Multi-wavebands observational studies on the formation and evolution of galaxies

 The Star Formation in Galaxies (SFIG) Research Group at Purple Mountain Observatory, Chinese Academy of Sciences, was founded in 2005 to conduct multi-wavelength research on the star-forming galaxies near and far including the Giant Molecular Clouds (GMCs)in our Galaxy. Our research interests are:1)Massive star formation and GMCs in our Milky Way, nearby galaxies,and high-z star-forming galaxies; 2)Nature of luminous and ultraluminous infrared galaxies, starburst and interacting galaxies, and AGNs/QSOs; 3)Infrared, submillimeter/millimeter, radio and X-ray observations of the GMCs, formation of massive stars and star-forming galaxies; 4)Evolution of galaxies.

 Recent research highlights include finding a tight linear correlation between FIR and HCN over ten orders of magnitude from basic units of star formation in the GMC cores to ultraluminous infrared galaxies and high-redshift galaxies. Dr. Yu Gao, the group leader was invited in 2008 to present “Astronomy: Starbursts near and far”for the “News and Views” column of 'Nature'.

 The SFIG Group currently has 2 faculty members as research fellow or professor, 1 research associate, 2 post-doctoral fellows, and 9 graduate students. We have gained lots of observing time from many telescopes, such as VLA, IRAM 30m, CARMA, SMA, JCMT etc, or in collaboration on the space telescopes, Spitzer, Chandra,Herschel.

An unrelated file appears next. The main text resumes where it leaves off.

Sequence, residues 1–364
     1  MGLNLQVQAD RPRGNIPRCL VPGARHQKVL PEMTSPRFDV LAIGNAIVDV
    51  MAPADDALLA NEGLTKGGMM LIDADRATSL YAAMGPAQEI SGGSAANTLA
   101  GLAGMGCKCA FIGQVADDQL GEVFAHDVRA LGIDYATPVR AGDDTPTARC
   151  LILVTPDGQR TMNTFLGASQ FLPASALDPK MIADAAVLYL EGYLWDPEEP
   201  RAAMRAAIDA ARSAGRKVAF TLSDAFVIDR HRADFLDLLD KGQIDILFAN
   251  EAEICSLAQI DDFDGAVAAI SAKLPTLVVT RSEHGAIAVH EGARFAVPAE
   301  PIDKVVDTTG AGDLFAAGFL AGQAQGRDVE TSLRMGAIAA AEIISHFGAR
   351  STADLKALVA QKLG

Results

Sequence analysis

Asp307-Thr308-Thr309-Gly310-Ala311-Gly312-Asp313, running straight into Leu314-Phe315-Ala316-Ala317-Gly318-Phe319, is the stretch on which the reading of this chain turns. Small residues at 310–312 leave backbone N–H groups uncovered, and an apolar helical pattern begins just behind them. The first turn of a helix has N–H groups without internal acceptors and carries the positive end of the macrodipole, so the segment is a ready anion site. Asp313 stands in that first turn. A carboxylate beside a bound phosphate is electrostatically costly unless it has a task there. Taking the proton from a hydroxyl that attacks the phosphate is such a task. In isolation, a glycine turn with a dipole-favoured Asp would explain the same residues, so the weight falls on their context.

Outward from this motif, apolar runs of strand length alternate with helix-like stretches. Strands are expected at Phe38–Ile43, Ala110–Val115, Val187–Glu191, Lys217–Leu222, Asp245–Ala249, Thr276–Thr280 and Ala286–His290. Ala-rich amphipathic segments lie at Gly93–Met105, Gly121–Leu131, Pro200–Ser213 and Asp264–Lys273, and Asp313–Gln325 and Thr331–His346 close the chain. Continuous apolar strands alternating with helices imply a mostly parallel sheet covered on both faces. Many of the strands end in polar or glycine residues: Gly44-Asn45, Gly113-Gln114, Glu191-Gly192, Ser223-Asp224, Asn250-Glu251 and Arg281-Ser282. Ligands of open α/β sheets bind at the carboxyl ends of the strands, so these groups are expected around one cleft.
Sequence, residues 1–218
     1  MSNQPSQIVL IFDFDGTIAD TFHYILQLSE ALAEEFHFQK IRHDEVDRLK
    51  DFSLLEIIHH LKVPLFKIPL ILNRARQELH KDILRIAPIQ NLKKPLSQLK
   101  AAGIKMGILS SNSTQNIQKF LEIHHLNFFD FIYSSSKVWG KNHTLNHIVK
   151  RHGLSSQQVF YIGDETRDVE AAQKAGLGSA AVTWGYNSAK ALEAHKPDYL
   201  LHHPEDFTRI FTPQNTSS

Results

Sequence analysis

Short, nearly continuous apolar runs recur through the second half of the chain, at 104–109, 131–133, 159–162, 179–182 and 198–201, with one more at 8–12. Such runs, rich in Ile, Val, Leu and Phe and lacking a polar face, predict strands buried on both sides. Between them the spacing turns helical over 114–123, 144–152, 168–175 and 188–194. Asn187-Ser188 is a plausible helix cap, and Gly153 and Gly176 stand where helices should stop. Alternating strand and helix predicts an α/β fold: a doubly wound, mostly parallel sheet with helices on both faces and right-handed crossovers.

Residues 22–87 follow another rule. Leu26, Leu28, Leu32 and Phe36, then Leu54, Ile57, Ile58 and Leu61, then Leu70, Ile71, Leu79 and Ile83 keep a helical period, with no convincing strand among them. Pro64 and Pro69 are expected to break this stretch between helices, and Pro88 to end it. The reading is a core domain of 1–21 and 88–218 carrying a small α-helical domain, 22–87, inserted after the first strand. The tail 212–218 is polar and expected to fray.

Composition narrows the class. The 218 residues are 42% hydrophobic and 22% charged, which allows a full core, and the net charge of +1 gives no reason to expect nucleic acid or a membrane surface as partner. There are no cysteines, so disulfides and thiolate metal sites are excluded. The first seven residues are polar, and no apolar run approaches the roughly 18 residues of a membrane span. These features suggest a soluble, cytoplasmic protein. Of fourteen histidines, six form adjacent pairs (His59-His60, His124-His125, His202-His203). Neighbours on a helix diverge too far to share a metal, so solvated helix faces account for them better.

The SFIG Group has organized two international conferences:

   2005 Lijiang - Extreme Starbursts: Near and Far conference:

   2007 Xining - Legacy of Multi-wavelength Surveys conference:

   and helped organize/co-organize Shanghai-The Starburst-AGN Connection Conference in 2008:

   Two in 2009 on Multiwavelength Studies on High Redshift Quasars and Star Clusters - Basic Galactic Building Blocks throughout Time and Space,  respectively:

 In the near future, the SFIG Group will continue to better understand the star formation in various galaxy environments using advanced multi-wave telescopes around the global including national large facilities LAMOST, FAST and future Antarctic Dome-A projects.